Nissan is to invest £420 million in a 'gigafactory' in Sunderland, creating 1,600 jobs in the city and 4,500 more in the supply chain with plans for a new electric car and a huge new plant to make batteries.

The project - in partnership with tech giant Envision AESC and Sunderland City Council -  will transform the sector and is a major boost for the whole region, with long-term potential for a growing supply chain.

Envision founder Lei Zhang, whose company already makes electric batteries in Sunderland, saw parallels with the region’s coal and shipbuilding industrial history, with thousands of new jobs also being created in energy and transportation.

He said that history, with the region’s dedicated and skilled workforce, was a “really good launchpad” for a green industrial revolution.

Nissan has received substantial support from the Government, keen to secure some big projects post-Brexit, and the news has been widely welcomed.

Prime Minister Boris Johnson said: “I think Nissan is moving forward to use Brexit as an opportunity. Nissan’s announcement is a major vote of confidence in the UK and our highly-skilled workers in the North-East. It is a pivotal moment in our electric vehicle revolution securing its future for decades to come.”

Speaking at the plant later, he said: “There are ongoing discussions about ways we can support people who are going to bring fantastic green technology into this country.

“Obviously they’re confidential but this is something that is a massive benefit to the UK economy.”

The Northern Echo:

Sharon Hodgson, Labour MP for Washington and Sunderland West, said the project could “transform car-making in the UK”.

She added: “The Sunderland plant is the jewel in the crown not only for Nissan but for our region’s economy – with local jobs and a local supply chain, we in the North East benefit most.

“This announcement is also testament to Sunderland City Council’s dedication to becoming a city of the future, providing green energy, green jobs and green investment.”

READ MORE: Nissan to build huge battery plant in Sunderland

Nissan chief operating officer Ashwani Gupta said this month was the 35th anniversary of the plant building its first car.

He said: “This is a £1 billion birthday present for all of my colleagues here.”

A spokesman for Britishvolt, which is already planning a £2.6bn Gigaplant on land where the former Blyth Power Station used to sit in Northumberland, said: "It is positive news that the Government is taking battery production seriously and are backing this up by providing funding in line with that distributed in the EU for its battery industry development."

The Unite union agreed the EV36Zero hub was "a fantastic first", but it warned there was still plenty of work to be done.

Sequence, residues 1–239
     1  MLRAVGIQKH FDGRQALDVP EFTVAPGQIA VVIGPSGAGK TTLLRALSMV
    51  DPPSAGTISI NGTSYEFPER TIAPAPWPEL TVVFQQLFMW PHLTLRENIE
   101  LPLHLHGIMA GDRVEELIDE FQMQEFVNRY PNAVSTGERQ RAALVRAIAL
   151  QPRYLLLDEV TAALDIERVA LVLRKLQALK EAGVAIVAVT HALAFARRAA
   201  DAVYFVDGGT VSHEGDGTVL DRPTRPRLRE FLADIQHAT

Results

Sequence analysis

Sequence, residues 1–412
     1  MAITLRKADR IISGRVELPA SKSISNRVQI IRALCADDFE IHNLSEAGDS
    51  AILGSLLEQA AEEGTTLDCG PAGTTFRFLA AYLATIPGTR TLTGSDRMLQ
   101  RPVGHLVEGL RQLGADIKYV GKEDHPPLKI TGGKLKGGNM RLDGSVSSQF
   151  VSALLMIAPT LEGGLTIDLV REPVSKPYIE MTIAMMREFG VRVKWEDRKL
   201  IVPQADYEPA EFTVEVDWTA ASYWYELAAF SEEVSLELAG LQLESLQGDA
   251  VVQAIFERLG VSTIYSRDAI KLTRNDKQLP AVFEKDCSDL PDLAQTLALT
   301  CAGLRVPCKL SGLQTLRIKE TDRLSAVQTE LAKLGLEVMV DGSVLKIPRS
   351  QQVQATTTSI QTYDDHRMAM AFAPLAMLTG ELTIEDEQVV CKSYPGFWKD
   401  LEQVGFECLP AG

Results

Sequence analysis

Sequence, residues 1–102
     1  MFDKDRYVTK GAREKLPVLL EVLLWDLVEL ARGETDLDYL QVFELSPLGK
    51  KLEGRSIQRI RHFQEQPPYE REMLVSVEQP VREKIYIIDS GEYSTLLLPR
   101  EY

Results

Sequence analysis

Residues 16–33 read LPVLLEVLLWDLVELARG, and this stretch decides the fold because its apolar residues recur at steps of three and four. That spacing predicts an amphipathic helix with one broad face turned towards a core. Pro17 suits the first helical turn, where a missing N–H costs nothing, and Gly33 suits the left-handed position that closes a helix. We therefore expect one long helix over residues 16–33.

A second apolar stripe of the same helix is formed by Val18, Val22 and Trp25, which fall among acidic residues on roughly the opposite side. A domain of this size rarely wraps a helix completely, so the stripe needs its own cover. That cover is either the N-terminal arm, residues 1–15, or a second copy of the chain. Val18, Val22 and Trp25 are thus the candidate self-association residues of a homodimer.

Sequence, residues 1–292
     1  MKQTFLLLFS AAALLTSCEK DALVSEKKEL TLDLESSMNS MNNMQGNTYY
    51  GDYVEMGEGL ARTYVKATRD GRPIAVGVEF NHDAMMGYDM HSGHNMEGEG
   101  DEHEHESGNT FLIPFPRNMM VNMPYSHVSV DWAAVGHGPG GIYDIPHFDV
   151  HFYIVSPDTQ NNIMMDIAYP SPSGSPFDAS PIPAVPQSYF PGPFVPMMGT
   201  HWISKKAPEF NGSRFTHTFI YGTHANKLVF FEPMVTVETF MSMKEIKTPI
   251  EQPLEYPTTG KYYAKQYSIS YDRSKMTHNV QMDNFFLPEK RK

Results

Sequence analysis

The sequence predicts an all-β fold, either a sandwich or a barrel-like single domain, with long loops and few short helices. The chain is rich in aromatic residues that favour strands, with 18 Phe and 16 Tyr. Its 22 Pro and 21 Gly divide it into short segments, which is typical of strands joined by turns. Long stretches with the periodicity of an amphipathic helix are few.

Steve Turner, assistant general secretary for manufacturing, said: "Businesses and investors will go where they can see a committed government partner. 

"Unfortunately, the employers I deal with every day are tearing their hair out with frustration at the UK government's half-baked, uncoordinated approach to supporting green manufacturing. So I say to ministers celebrating today, you have to step up – no more easy soundbites."

Sarah Glendinning, CBI North East Director, said the announcement would be a catalyst for the region and promote more investment in electric vehicle infrastructure.

“Nissan’s investment is a strong vote of confidence in a greener future for the UK economy, and the workforce of the North East," she said.

“This announcement signals the success of concerted efforts between business and government to seize the moment by creating jobs fuelled by decarbonisation efforts.

“And it must be the spark for six more gigafactories needed by 2040 to support a thriving electric vehicle market and prompt investment in widespread charging infrastructure."

Prof David Baglee, Head of School of Engineering at the University of Sunderland, said "This is fantastic opportunity for Nissan, the City of Sunderland and the North East. The University will be at the forefront in providing the necessary academic programmes to enhance the skills of current and future Nissan staff. 

"We already support Nissan through our degree apprenticeship programme and a number of integrated-learning short-course training courses specifically designed for industry skills development."

The race to have an EV infrastructure to match a huge increase in vehicle production will now be a key factor.

Andrew Aldridge, a partner at Deepbridge Capital which invests in the sector, said: “The production and use of electric vehicles has and will continue to soar. The sector continues to be at the forefront of fascinating and fast-moving technological innovation as the motor industry and the tech giants meet to help make EVs the norm. There are however justified concerns around the rapid adoption of electric vehicles in the UK due to the limits on the speed of rolling out the charging infrastructure."